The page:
On Christmas Eve 1968 three Americans became the first humans to visit another world. What they did to celebrate was unexpected and profound, and will be remembered throughout all human history. Genesis: the Story of Apollo 8, Robert Zimmerman's classic history of humanity's first journey to another world, tells that story, and it is now available as both an ebook and an audiobook, both with a foreword by Valerie Anders and a new introduction by Robert Zimmerman.
The ebook is available everywhere for $5.99 (before discount) at amazon, or direct from my ebook publisher, ebookit.
The audiobook is also available at all these vendors, and is also free with a 30-day trial membership to Audible.
"Not simply about one mission, [Genesis] is also the history of America's quest for the moon... Zimmerman has done a masterful job of tying disparate events together into a solid account of one of America's greatest human triumphs." --San Antonio Express-News
The rumors are swirling. Today alone the news included three different articles about NASA’s upcoming decision to down-select to either one or two in its manned commercial crew program.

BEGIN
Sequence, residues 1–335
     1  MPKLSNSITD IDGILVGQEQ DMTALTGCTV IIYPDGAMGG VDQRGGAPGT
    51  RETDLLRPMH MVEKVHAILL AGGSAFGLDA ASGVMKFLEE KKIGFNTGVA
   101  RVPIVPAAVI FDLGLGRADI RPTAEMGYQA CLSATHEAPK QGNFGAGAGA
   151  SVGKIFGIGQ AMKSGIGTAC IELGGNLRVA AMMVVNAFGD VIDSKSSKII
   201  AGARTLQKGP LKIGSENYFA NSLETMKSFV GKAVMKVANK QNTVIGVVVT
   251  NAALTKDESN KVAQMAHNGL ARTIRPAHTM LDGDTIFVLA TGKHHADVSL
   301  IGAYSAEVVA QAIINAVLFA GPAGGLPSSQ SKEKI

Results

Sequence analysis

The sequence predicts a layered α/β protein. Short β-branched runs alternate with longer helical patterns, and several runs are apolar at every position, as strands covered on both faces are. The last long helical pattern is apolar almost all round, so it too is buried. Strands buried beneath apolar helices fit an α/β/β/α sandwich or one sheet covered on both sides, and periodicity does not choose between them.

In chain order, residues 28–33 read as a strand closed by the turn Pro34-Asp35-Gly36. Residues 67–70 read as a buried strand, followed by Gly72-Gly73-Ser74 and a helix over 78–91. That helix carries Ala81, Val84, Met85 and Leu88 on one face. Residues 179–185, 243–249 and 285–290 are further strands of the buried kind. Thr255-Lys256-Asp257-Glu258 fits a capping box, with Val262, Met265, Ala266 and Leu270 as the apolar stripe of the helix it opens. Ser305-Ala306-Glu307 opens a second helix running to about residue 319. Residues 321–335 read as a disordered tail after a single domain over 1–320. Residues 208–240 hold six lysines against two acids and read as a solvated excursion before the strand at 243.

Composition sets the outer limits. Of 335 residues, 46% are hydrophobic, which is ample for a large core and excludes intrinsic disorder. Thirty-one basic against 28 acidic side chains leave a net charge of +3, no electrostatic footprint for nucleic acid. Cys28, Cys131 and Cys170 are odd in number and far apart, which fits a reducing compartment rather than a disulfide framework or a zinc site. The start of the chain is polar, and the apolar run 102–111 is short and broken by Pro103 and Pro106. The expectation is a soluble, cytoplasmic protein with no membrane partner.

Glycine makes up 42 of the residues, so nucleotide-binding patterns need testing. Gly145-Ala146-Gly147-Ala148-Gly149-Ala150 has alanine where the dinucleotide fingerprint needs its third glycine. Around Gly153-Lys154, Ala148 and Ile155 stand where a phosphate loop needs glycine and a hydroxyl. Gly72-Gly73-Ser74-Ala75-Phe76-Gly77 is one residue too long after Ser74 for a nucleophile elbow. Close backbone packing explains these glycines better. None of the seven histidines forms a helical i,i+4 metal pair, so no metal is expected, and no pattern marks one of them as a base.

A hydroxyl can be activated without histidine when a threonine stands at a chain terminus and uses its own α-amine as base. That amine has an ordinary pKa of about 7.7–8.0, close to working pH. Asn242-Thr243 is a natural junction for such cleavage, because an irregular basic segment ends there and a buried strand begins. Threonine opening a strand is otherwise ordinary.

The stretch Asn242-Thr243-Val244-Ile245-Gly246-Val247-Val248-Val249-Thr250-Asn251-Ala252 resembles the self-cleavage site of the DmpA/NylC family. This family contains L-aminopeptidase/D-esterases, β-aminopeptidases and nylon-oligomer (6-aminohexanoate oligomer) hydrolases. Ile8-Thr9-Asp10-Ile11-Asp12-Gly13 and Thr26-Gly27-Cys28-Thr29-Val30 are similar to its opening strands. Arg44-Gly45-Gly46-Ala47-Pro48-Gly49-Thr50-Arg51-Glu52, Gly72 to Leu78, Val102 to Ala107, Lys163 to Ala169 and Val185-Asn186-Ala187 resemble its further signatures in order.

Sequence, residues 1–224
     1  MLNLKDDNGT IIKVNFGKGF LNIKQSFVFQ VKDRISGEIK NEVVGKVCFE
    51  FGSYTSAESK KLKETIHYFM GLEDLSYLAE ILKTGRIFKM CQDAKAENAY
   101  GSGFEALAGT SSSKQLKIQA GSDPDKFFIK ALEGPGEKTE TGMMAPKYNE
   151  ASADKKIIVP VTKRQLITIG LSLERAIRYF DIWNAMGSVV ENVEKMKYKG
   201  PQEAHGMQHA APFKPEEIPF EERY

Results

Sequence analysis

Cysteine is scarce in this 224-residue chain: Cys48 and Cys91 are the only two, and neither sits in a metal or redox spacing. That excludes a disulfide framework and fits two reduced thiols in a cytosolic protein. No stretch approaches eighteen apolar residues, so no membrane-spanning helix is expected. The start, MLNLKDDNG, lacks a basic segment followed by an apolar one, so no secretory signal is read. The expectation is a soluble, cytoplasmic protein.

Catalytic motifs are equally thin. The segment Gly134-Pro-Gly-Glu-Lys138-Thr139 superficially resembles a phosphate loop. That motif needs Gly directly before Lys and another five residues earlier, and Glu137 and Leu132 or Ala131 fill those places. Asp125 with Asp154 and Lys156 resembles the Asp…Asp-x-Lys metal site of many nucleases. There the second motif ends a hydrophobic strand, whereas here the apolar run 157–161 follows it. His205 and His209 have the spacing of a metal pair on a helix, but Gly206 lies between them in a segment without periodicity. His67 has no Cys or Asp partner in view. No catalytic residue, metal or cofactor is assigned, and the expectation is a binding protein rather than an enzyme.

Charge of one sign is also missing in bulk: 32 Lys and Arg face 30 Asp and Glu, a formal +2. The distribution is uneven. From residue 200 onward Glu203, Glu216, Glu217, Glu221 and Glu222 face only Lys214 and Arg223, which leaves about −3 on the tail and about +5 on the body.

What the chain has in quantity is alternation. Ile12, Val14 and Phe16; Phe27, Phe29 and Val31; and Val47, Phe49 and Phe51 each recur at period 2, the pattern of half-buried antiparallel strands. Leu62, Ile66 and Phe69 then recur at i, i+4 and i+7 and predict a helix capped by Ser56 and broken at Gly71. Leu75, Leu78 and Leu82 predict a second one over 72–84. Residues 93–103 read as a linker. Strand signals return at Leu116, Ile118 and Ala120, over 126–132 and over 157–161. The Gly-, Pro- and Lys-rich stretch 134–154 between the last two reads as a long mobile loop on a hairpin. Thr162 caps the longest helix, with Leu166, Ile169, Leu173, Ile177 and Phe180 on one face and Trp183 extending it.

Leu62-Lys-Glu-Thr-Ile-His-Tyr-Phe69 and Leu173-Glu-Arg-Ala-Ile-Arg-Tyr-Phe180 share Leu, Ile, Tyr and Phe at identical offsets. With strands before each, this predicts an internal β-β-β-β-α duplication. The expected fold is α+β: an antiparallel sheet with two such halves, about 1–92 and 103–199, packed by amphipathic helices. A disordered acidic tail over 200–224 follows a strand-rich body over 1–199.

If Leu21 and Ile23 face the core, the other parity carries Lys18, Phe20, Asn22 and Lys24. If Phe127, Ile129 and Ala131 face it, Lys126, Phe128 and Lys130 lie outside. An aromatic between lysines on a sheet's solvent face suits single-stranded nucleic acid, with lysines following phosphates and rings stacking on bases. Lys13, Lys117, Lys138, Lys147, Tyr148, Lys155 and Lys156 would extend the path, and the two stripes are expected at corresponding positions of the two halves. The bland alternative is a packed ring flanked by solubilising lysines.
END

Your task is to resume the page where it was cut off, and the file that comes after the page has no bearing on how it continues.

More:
- Is this the space vehicle that will be NASA’s alternative to Russia’s ‘taxi service’ to orbit?
- First Class or Economy?—NASA’s countdown in the new space race [subscription required]
- Decision on commercial crew program likely to be made after Labor Day weekend
The third article above speculates that the decision will be made shortly after this weekend, maybe as soon as next week. It also outlines in nice detail the companies who are competing for the contract.
I strongly expect NASA to pick two companies, not one, as the agency has repeatedly said it wants to have redundancy and competition in manned space flight. To this I agree whole-heartedly. Right now, if I was a betting man (which I am not), I would pick SpaceX and Sierra Nevada as the two companies to get the nod.
If NASA only picks one company that I don’t think there is much doubt that it will be SpaceX.
And then again, government agencies, because of politics, have sometimes made some incredibly stupid decisions. For example, back in the 1970s the company that proposed the space shuttle was rejected for another big space company that had more political clout, which then turned around and essentially stole the first company’s designs to build the space shuttle from them. It just took longer and cost more.
My July fund-raiser for Behind the Black is now over. The support from my readers was unprecedented, making this July campaign the best ever, twice over. What a marvelous way to celebrate the website's tenth anniversary!
Thank you! The number of donations in July, and continuing now at the beginning of August, is too many for me to thank you all personally. Please forgive me by accepting my thank you here, in public, on the website.
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